In some embodiments, it may not be wise for the client device 110 to blindly retrieve otherwise secure content from the adjacent edge node, as that node may be malicious and provide the client with the corrupted content. To address this issue, blockchain 140 may provide more than a simple content discovery service. For example, blockchain 140 may provide client device 110 with the same trust guarantees as obtained using an HTTPS secure CDN server. In particular, the blockchain may implement a trust calculation that assigns a trust index to each list of content (hosting nodes) (e.g., a list may identify edge nodes hosting content with certain metadata). Also, performing trust calculations on the blockchain may ensure that it is reliable and tamper resistant, which means that a malicious party cannot modify the trust indices associated with the various lists. Of all lists available for particular content, the client device 110 may select the best possible list based on factors such as trust index, cost to obtain content, etc., or even decide to obtain content directly from the CDN if no list is acceptable.
Fig. 2A illustrates a blockchain architecture configuration 200, according to an example embodiment. Referring to fig. 2A, the blockchain architecture 200 may include certain blockchain elements, such as a set of blockchain link points 202. The blockchain node 202 may include one or more nodes 204 and 210 (these four nodes are depicted by way of example only). These nodes participate in many activities such as blockchain transaction addition and verification processes (consensus). One or more of the blockchain nodes 204-210 may endorse transactions based on an endorsement policy and may provide ordering services for all blockchain nodes in the architecture 200. The blockchain link point may initiate blockchain authentication and attempt to write into a blockchain immutable ledger stored in blockchain layer 216, a copy of which may also be stored on infrastructure physical infrastructure 214. The blockchain configuration may include one or more applications 224, the applications 224 linking to an Application Programming Interface (API)222 to access and execute stored program/application code 220 (e.g., chain code, intelligent contracts, etc.), the program/application code 220 may be created according to the custom configuration sought by the participant and may maintain its own state, control its own assets and receive external information. This may be deployed as a transaction and installed on all blockchain nodes 204 and 210 via attachment to the distributed ledger.
Blockchain foundation or platform 212 may include various layers of blockchain data, services (e.g., cryptographic trust services, virtual execution environments, etc.), and the underlying physical computer infrastructure that may be used to receive and store new transactions and provide access to auditors that are seeking to access data entries. The blockchain layer 216 may expose an interface that provides access to the handler code and virtual execution environment necessary to use the physical infrastructure 214. The cryptographic trust service 218 may be used to validate transactions such as asset exchange transactions and keep information private.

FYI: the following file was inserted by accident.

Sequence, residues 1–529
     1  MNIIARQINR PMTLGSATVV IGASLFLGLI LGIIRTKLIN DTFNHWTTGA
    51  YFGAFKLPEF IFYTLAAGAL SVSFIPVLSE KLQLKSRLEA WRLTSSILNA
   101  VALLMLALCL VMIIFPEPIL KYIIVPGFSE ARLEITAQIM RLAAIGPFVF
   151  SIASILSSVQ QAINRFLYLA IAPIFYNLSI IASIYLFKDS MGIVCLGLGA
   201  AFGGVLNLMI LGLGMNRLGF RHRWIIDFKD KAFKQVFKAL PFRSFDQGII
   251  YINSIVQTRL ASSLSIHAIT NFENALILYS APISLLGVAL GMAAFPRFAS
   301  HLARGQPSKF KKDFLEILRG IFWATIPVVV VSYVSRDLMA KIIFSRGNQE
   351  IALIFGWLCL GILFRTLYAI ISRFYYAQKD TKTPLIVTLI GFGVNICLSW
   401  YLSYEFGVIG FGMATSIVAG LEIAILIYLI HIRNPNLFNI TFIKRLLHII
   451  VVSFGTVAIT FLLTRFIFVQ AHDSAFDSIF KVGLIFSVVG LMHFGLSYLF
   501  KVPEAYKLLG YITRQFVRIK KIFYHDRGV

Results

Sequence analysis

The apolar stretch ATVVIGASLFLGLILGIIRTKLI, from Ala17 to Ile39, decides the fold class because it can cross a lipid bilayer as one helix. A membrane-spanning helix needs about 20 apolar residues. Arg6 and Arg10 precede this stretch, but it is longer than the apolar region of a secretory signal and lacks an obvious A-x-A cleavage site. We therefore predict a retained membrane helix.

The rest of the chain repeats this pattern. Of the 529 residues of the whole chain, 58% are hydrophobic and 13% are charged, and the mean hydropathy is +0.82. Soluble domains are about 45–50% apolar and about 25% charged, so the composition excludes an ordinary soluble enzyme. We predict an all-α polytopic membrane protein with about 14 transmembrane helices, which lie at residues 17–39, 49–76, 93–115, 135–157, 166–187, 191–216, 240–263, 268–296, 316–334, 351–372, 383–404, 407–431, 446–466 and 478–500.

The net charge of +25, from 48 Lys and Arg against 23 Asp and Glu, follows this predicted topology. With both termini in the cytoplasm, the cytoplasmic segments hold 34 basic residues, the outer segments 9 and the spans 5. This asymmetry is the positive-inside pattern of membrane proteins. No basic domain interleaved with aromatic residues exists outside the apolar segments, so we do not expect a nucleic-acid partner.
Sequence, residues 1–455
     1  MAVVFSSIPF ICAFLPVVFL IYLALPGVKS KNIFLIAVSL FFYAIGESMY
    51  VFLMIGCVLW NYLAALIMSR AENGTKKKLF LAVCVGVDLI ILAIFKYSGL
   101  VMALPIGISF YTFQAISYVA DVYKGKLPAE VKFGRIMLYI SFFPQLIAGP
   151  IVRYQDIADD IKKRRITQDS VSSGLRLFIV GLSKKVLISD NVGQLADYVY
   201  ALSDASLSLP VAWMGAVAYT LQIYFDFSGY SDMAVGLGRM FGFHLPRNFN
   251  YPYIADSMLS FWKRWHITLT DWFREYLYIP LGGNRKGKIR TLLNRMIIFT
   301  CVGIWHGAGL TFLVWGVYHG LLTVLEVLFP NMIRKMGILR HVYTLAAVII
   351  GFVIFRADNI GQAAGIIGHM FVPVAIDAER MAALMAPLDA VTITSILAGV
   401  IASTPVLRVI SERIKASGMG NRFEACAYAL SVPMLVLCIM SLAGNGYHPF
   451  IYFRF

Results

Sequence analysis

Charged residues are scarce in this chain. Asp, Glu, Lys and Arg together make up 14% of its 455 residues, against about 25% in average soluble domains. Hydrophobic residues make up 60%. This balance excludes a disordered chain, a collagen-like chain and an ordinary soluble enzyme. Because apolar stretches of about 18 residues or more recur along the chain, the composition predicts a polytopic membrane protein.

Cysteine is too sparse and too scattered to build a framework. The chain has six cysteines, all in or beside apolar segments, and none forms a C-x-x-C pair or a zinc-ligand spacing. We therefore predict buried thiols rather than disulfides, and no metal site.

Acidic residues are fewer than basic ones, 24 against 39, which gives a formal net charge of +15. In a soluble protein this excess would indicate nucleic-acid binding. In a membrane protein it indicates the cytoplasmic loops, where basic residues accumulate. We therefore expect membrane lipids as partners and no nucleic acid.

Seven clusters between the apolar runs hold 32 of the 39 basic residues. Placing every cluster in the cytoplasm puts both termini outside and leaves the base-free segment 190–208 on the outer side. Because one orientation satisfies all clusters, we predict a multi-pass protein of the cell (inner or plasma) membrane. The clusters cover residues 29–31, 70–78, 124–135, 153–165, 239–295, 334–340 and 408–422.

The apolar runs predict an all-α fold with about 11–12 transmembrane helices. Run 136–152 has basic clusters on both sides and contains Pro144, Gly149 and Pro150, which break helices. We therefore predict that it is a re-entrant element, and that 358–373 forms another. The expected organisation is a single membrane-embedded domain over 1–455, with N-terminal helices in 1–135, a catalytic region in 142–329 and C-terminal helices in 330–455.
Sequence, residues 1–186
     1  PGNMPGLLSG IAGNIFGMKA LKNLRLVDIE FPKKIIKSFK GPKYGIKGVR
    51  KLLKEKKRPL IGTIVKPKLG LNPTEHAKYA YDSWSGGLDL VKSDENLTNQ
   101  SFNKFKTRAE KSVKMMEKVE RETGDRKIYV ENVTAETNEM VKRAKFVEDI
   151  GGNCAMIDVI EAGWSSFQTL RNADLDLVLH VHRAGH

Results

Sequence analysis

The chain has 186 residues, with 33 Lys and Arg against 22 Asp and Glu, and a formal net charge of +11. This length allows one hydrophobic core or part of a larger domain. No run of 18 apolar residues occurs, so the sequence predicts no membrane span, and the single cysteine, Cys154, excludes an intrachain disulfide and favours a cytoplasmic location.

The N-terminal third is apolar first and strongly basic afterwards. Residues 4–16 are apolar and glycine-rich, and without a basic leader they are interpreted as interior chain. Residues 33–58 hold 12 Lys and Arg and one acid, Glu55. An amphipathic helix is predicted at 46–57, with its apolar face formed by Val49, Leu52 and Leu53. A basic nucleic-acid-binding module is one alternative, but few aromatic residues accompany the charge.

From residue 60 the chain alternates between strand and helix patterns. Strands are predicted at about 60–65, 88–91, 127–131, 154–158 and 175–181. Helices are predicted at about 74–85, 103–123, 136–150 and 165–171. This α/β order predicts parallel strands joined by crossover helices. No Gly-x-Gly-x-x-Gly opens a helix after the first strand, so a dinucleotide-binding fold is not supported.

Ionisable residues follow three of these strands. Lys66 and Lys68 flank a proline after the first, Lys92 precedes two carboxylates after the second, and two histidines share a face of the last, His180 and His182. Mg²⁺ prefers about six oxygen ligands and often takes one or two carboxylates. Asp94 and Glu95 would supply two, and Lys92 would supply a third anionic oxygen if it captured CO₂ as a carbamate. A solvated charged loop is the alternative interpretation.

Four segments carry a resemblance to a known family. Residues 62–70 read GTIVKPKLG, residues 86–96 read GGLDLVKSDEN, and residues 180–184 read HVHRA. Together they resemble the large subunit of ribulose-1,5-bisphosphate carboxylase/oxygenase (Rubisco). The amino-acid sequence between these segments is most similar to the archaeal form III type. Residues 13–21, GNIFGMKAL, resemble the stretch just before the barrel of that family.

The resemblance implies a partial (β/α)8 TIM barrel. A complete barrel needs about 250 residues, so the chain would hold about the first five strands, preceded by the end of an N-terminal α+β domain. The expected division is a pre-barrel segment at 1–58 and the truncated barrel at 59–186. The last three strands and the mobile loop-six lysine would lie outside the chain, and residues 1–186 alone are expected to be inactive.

The blockchain architecture configuration of fig. 2A may process and execute program/application code 220 via one or more interfaces exposed by blockchain platform 212 and services provided by blockchain platform 212. Code 220 may control blockchain assets. For example, the code 220 may store and transmit data and may be executed by the node 204 and 210 in the form of intelligent contracts and associated chain codes that have conditions or other code elements subject to their execution. By way of non-limiting example, smart contracts may be created to perform reminders, updates, and/or other notifications subject to changes, updates, and the like. The smart contracts themselves may be used to identify rules associated with authorization of the ledger and the requirements and use of access to the ledger. For example, content request 226 may be processed by one or more processing entities (e.g., virtual machines) included in blockchain layer 216. The results 228 may include retrieving the requested content from storage (e.g., off-chain) and delivering to the client device. Physical infrastructure 214 may be used to retrieve any data or information described herein.
The intelligent contracts may be created via a high-level application and programming language, and then written to blocks in the blockchain. The intelligent contracts may include executable code that is registered, stored, and/or replicated by the blockchain (e.g., a distributed network of blockchain peers). A transaction is the execution of intelligent contract code that may be executed in response to a condition associated with an intelligent contract being satisfied. Execution of the intelligent contract may trigger trusted modification(s) of the state of the digital blockchain ledger. The modification(s) to the blockchain ledger caused by the execution of the intelligent contract may be automatically replicated throughout the distributed network of blockchain peers through one or more consensus protocols.